July 22, 2019

Colorado Court of Appeals: Maintenance Payor’s Good Faith Decision to Retire Does Not Automatically Require Grant of Motion to Modify

The Colorado Court of Appeals issued its opinion in In re Marriage of Thorstad on Thursday, January 24, 2019.

Post-Dissolution Action—C.R.S. § 14-10-122(2)—Modification of Maintenance upon Retirement—Rebuttable Presumption—C.R.S. § 14-10-114.

The parties were divorced in 2002. They had a separation agreement that required husband to pay wife maintenance and reserved jurisdiction for the court to modify maintenance. Husband retired from his job, in part due to health problems. He requested termination of his maintenance obligation based on C.R.S. § 14-10-122(2)(a), (b), and (c), which establish a rebuttable presumption that a decision to retire was made in good faith when certain conditions are met. These subsections did not exist in their present form when the parties entered into their separation agreement. The magistrate granted the request. Wife sought review in the district court, which denied her petition.

On appeal, wife argued that the trial court erred when it relied on C.R.S. § 14-10-122 instead of C.R.S. § 14-10-114 when granting husband’s motion. C.R.S. § 14-10-122 was the correct statute for the trial court to use. However, if a payor satisfies the retirement provisions in subsections -122(2)(b) and (c) that the decision to retire was made in good faith, the payor’s good faith retirement becomes one of the factors for the court to consider in analyzing whether under subsection -122(1)(a) the payor can show a substantial and continuing change of circumstances that makes the existing maintenance order unfair. In doing so, the court must also consider the factors listed in the 2001 version of C.R.S. § 14-10-114(3) and (4) (the new version of C.R.S. § 14-10-114 is applicable to petitions filed on or after January 1, 2014). Here, the trial court erred because it treated husband’s good faith decision to retire as conclusive in resolving his motion; the order failed to address whether husband’s retirement and declining health were continuing and changed circumstances that rendered his obligation unfair; and the trial court did not consider husband’s and wife’s needs and abilities as required by the 2001 version of C.R.S. § 14-10-114(3) and (4). Further, the separation agreement did not reserve jurisdiction over the question of what effect husband’s retirement would have on his maintenance obligation. Thus, the separation agreement did not require the trial court to use C.R.S. § 14-10-114 to resolve husband’s motion instead of C.R.S. § 14-10-122(1)(a), (2)(a), (2)(b), and (2)(c).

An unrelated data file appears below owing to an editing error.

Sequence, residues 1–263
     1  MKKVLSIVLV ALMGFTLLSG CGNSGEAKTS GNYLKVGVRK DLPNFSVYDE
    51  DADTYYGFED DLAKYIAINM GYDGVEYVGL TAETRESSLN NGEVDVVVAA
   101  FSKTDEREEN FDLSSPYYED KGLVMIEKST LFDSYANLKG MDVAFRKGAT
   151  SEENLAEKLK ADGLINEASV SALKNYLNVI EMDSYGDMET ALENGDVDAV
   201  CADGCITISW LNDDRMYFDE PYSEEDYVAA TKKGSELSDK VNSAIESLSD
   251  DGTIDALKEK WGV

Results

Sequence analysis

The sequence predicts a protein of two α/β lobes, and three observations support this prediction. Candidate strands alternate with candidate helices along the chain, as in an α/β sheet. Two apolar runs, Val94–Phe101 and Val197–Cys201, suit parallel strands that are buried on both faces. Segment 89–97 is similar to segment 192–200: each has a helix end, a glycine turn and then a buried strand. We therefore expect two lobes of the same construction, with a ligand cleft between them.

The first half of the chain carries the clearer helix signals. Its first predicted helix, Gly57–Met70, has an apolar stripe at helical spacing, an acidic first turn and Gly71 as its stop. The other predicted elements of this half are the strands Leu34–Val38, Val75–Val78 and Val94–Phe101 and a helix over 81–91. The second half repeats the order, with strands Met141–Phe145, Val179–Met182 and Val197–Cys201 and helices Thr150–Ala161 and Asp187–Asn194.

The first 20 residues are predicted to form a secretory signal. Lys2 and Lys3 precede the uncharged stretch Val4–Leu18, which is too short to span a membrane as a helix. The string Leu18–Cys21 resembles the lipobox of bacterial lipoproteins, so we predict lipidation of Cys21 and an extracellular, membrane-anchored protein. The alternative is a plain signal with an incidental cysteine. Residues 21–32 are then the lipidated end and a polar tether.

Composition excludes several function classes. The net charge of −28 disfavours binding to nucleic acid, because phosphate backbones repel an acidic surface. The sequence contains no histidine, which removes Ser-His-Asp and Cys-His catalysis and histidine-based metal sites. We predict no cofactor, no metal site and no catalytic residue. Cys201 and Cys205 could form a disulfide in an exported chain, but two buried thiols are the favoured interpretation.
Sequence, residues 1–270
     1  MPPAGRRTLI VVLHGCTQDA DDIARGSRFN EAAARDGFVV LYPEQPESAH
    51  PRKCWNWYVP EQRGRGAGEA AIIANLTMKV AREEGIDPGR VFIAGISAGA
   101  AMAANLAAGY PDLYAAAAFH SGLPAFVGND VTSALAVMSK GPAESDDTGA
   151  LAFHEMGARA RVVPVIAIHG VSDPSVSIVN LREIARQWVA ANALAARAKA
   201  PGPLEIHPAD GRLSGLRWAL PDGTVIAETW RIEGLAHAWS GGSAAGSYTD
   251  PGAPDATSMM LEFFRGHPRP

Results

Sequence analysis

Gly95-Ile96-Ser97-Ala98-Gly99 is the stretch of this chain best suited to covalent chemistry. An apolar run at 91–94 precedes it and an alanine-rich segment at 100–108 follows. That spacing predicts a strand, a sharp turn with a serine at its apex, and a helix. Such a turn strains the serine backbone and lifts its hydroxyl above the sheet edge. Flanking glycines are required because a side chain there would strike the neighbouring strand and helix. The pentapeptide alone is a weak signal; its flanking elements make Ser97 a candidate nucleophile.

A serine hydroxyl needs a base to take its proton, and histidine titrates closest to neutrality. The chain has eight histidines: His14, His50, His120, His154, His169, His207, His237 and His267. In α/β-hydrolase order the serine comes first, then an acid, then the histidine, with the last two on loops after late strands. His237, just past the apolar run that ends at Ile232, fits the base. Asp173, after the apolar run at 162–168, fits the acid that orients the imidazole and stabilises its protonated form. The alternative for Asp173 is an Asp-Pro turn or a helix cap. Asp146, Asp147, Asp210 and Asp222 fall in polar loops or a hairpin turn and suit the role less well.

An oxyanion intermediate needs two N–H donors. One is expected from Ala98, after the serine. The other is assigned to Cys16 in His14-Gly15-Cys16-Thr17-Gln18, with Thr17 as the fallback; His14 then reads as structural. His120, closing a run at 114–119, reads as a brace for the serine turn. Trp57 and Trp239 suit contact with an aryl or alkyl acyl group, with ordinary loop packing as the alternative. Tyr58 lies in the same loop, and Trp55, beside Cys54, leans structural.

The order was reversed and the case was remanded for the court to (1) determine whether husband’s circumstances have changed in such a substantial and continuing way as to make the existing terms of the maintenance obligation unfair, and (2) consider wife’s request for appellate attorney fees under C.R.S. § 14-10-119.

Summary provided courtesy of Colorado Lawyer.

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